Font Blues

Posted by Matt Heason on Nov 05, 2019

I first went to Fontainebleau in 1996 as part of a European road trip. I remember rocking up to Bas Cuvier with Bill Birkett's French Rock and being utterly spanked by some lowly grade 5 problems. They were hard, they were polished, and we'd been humiliated. We could easily have moved on there and then, consigning the place to the dustbin. Fortunately that night we went to Elephant as it had a cool sounding name. We bivvied by the famous boulder and had an altogether more Font-esque experience the following day. Since then I've been back at least once a year, every year.


By and large the weather is fairly settled. Tucked in the trees, wind is rarely noticeable, but from time to time it does rain. Many years ago we arrive for a week over New Year with a bag full of rock boots to test and quickly set about getting to grips with the different rubber compounds of the day, only to find that none of them could cope with minus 10 degrees, and were rubbish in the snow. That first night it warmed up 20 degrees and then rained for the rest of the week. That was a long time ago.


October Half term was a time of year I'd never actually been to the forest before. With one teenage boy and another hot on his heels I was particularly fired up to show them the place, to have them grapple with the sandbags and find themselves a 7a project or two, so the smoke signals and WhatsApp channels went into effect and it seemed that half of the Sheffield climbing community descended on the place. Fortunately we had a gite, not trusting that the weather would be good enough to camp in the Autumn.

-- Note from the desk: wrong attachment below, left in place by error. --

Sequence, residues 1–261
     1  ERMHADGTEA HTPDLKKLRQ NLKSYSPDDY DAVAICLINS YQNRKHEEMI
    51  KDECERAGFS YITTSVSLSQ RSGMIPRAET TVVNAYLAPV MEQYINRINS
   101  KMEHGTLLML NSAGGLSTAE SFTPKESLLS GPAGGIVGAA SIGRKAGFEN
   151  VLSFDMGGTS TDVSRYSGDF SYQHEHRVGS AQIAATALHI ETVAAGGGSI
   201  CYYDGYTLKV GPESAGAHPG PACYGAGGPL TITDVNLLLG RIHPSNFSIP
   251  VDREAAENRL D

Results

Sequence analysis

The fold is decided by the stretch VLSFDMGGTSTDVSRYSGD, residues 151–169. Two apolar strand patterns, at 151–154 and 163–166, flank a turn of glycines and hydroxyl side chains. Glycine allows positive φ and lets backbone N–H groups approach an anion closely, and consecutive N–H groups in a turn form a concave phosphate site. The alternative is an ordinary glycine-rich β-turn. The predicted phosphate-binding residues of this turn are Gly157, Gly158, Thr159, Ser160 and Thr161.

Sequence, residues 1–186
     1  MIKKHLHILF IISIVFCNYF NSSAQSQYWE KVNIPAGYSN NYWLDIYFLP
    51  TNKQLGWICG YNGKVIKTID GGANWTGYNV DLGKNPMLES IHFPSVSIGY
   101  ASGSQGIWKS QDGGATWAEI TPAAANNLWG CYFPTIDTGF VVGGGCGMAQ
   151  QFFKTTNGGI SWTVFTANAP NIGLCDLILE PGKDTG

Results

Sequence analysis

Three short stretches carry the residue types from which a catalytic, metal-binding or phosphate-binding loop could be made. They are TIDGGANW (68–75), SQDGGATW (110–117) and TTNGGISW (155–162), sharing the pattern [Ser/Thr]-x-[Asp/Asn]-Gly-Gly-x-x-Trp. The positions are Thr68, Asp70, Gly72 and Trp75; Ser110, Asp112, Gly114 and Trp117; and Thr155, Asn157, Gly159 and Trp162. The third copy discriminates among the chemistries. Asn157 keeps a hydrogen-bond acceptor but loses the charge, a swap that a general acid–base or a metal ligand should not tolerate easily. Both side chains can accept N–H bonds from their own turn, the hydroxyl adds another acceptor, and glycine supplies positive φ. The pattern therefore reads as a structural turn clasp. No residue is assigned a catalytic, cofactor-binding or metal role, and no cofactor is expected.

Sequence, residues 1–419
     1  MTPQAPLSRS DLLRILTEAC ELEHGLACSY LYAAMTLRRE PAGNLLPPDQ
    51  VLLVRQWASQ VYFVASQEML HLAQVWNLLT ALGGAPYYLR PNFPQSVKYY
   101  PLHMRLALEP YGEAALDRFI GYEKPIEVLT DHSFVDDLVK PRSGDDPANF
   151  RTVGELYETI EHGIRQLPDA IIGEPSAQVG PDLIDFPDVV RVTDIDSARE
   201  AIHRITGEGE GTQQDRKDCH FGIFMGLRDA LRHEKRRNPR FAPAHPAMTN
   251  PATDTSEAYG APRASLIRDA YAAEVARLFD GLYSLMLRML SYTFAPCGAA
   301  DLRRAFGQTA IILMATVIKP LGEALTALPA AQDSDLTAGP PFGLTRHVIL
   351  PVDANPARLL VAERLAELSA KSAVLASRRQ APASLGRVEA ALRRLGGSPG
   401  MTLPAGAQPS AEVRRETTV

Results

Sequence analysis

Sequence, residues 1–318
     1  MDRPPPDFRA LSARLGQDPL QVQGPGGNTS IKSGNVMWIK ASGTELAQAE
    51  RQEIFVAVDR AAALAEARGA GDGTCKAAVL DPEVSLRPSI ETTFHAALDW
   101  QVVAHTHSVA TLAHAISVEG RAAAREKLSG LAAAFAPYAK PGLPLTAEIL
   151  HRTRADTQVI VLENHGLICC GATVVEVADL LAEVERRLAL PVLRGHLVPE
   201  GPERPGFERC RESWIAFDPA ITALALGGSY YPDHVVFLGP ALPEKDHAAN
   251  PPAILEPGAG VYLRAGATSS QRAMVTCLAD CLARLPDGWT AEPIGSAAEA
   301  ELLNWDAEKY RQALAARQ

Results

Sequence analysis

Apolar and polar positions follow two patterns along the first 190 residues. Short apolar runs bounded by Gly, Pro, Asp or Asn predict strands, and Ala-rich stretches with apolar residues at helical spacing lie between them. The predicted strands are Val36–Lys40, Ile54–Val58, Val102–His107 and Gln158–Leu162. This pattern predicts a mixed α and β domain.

How right we were. It rained on all but one of the days, 4 of them so much that it was impossible to climb. We did climb, but it was generally on very greasy rock, with none of the expected light and shadow play of an October sun on the turning leaves. We spent a disappointing amount of time mushroom hunting, traipsing through the admittedly enchanting, but dripping forest, and playing board games back at base. I can't remember the last time I came back from a trip away and couldn't find more positives than negatives toi remember it by, but this one is the exception. A friend who has spent an inordinate proportion of his life in the area declared it the worst week's weather he'd ever known, and joined ranks of others who bailed and headed home early. A bout of food poisoning on the penultimate night sealed things for me.


On the plus side, the boys did bag a few projects and I even managed a 7a myself in the gathering gloom of the last climbable day. I can at least know that we made the most of the time that we had, and it's always fun to hang out with friends without the pressures of emails, work, chores and the like. It will also make the next trip, which will obviously be good weather, all the sweeter for it!

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